The other day, my musician husband mentioned he wanted to create something new. Some revolutionary music-scape that’s never been done before. The only problem, he said, is that everything has already been done before. Aside from some experimental jazz (or as I like to call it, just plain noise), no new, incredibly unique things have come from the music industry.
It got me thinking. Is that how the furniture industry is leaning? Are we making and selling the same old bookshelves, dressers, beds, tables? Are we innovative enough? The basics of furniture will continue to be the same. But we need to twist those basics to suit the ever-changing tastes of the consumer.
So I’ll tell you what I told him. Take something old. Something necessary, something integral to the music world—like classical music and its scales—and redo it. Repurpose it into something new and ground-breaking. That’s all creation is, really. Figuring out what once was and changing it. As he embraces that concept in the music world, so too has the furniture world taken hold. What used to be necessity has now become accessory. Items we couldn’t live without before that have now been passed by technology are being repurposed and formed into furniture pieces and decoration statements. Here are some of our favorites from this trend.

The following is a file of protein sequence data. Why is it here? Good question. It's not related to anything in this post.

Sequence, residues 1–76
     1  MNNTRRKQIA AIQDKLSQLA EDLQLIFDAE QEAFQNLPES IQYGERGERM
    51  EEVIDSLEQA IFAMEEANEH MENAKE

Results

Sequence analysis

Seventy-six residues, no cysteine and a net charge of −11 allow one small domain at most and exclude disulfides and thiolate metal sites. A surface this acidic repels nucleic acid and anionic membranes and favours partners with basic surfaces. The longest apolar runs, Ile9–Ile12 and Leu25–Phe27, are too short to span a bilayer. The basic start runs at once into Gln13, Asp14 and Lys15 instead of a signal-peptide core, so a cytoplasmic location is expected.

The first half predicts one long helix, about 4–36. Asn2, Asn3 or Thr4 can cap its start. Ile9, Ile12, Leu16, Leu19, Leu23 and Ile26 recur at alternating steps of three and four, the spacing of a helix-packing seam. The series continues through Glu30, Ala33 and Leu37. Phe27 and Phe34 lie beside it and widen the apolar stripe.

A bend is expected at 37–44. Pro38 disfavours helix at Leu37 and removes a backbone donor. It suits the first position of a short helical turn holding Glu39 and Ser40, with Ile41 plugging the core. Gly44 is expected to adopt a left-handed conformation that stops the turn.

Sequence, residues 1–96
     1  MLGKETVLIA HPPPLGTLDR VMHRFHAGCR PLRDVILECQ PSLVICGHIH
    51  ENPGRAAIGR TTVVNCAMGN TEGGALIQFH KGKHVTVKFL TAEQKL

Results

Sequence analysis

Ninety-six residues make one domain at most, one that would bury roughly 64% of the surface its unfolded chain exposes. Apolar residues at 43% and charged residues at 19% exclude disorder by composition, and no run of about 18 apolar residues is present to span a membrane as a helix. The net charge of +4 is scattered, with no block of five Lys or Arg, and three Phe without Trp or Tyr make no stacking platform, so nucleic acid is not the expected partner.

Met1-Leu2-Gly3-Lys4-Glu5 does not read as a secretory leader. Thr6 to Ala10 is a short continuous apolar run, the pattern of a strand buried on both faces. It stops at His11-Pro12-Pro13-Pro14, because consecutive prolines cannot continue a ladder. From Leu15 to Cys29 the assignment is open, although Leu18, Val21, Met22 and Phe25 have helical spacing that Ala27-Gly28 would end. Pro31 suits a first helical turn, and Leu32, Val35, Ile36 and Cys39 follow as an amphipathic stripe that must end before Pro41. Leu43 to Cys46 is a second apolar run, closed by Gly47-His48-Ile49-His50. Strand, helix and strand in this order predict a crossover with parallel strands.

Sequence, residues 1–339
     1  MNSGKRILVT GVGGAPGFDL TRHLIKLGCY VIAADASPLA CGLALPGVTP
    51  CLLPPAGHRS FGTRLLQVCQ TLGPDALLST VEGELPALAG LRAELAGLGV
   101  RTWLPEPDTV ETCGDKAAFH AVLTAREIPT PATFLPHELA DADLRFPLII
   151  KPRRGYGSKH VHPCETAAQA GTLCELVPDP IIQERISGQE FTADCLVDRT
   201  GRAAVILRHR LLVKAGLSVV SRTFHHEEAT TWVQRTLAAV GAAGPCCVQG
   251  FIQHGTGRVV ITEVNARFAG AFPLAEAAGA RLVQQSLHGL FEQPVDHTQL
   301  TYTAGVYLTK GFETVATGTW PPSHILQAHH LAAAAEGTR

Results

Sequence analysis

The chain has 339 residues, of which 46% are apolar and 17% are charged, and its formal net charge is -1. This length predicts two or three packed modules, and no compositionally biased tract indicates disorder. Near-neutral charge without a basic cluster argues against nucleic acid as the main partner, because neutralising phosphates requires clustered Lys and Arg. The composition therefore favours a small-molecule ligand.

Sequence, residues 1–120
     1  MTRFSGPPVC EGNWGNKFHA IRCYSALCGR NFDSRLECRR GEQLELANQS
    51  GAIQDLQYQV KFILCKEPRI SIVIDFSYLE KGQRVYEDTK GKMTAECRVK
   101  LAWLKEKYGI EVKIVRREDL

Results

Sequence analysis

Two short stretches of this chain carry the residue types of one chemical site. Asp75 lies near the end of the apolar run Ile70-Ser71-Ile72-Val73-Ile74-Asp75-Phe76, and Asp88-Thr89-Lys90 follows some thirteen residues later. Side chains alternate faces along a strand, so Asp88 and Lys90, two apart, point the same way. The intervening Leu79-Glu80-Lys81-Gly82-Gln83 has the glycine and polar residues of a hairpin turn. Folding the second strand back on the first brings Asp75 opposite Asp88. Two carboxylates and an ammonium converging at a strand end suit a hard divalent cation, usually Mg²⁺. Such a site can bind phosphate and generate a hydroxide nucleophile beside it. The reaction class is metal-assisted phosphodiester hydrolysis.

These rattan lights by Tucker Robbins in New York lived former lives as Indonesian fishing baskets.
These bike chain chandeliers are the creative vision of Carolina Fontoura Alzaga, made from bikes reclaimed from dumpsters and junkyards. Images courtesy of the artist, John Valls and Alan J. Crossley.
Artist Brian Dettmer in Atlanta, Georgia, carves detailed sculptures out of books.
System Design Studio in Spain has taken old bike tires and stretched them across used furniture legs to create this unique shelf.
MotoArt Studios in El Segundo, Calif., makes furniture and sculptures out of salvaged airplane parts.
Heritage Handcrafted reuses old whiskey barrels to create one-of-a-kind furniture pieces and accessories.
A reclaimed wooden spool and the base of an antique sewing machine form this bistro table by Reclaimed Rustics in Kimberly, Idaho.
Miami-based artist Federico Uribe makes stunning portraits using reclaimed electrical wire and power cords.